Man contracts rare, potentially life-threatening disease from his pet cat
Anyone who owns a cat is likely to count their furry companion as one of the best things in their life. However, one American pensioner recently had a traumatic experience with his feline when he allegedly contacted an incredibly rare disease from it.
The 68-year-old from Missouri was diagnosed with glandular tularemia after he suffered from a fever and a painful swelling on the right side of his neck, an illness doctors reportedly believe originated from his pet.
The unusual incident started when the pensioner's cat died two days before he showed any symptoms, with a vet diagnosing it with feline leukemia without doing any lab testing. It is believed the cat must have been suffering from a subacute illness but was treated with prednisone tablets, administrated by its owner.
Shortly after, the man experienced a week of fever, which was followed by two months of progressive, painful swelling on the right side of his neck. When he eventually saw a doctor, the patient’s physical examination revealed three erythematous, tender lymph nodes.
The 68-year-old American was then diagnosed with glandular tularemia, a rare disease caused by the Francisella tularensis bacterium, which reportedly has over a 50 per cent chance of leading to fatal pneumonia.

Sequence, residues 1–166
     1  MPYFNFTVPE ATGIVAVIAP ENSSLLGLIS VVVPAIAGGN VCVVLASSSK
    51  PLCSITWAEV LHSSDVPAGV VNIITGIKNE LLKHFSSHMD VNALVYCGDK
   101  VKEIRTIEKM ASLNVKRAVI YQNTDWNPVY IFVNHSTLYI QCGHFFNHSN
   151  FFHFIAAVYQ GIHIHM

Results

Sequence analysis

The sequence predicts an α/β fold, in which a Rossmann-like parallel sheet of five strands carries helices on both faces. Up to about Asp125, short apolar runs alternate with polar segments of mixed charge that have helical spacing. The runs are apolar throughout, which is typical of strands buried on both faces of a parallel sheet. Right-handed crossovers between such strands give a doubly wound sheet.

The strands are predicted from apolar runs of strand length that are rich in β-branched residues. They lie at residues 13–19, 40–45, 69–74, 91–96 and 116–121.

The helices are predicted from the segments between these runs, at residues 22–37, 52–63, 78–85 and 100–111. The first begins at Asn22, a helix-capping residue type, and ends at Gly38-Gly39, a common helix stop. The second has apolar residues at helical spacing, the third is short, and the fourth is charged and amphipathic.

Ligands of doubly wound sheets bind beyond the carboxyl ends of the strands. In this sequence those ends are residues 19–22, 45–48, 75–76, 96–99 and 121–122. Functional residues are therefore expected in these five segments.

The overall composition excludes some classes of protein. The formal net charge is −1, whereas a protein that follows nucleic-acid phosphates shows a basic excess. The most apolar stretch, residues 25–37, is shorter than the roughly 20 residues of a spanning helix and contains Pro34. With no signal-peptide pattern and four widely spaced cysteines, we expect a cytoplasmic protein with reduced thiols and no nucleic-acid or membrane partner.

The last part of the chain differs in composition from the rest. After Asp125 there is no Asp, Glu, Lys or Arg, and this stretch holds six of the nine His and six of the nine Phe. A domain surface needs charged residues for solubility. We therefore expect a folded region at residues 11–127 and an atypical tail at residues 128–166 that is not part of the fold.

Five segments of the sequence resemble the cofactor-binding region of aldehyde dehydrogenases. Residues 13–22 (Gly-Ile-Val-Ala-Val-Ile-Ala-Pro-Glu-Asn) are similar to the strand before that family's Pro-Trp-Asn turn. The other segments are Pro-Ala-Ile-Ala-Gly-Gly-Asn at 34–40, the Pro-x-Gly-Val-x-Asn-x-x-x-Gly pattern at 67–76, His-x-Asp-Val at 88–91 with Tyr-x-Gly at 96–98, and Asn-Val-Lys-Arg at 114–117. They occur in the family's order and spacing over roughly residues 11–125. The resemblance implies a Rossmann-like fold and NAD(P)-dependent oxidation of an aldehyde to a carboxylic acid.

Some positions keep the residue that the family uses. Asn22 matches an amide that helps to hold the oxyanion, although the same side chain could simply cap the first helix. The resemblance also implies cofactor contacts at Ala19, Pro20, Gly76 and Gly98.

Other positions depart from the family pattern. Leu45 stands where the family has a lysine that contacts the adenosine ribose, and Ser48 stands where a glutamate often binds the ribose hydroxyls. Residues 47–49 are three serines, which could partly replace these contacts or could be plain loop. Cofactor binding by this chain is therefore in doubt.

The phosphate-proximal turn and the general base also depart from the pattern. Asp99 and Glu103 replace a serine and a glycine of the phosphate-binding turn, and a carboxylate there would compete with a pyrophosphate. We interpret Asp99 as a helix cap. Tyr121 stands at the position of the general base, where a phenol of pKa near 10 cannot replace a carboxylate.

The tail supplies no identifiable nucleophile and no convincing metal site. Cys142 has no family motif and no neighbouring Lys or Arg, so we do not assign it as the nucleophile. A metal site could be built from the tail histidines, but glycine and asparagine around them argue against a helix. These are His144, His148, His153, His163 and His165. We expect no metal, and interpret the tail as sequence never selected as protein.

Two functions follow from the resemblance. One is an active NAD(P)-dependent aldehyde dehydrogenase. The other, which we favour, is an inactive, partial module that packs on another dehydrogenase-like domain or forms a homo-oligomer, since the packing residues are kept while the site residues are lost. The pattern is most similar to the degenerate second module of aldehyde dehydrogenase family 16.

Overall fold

After examining him, doctors at the Barnes-Jewish Hospital in St. Louis, Missouri, have since determined that his pet cat must have been suffering from tularemia, which it passed on to its owner.
"Domestic cats can become infected through the consumption of infected prey and can transmit the bacteria to humans," states the New England Journal of Medicine, which first published the story on September 6, 2018.
Thankfully, the patient was treated with doxycycline for 4 weeks and his condition eventually passed; the lesions improved within 5 days and resolved within 3 weeks.
Tularemia is a rare infectious disease that commonly attacks the skin, eyes, lymph nodes and lungs. The Centers for Disease Control and Prevention states that it largely affects rabbits, hares and rodents which often die in large numbers during outbreaks.
In addition, the website notes that humans can become infected through several routes, including tick and deer fly bites, skin contact with infected animals, ingestion of contaminated water, inhalation of contaminated aerosols agricultural dusts and laboratory exposure.
Humans could also be exposed as a result of bioterrorism, defined as the "use of infectious agents or other harmful biological or biochemical substances as weapons of terrorism".
The Centers for Disease Control and Prevention advises that people potentially at risk take steps to avoid the disease by using insect repellent, wearing gloves when handling sick or dead animals and avoiding mowing over dead animals.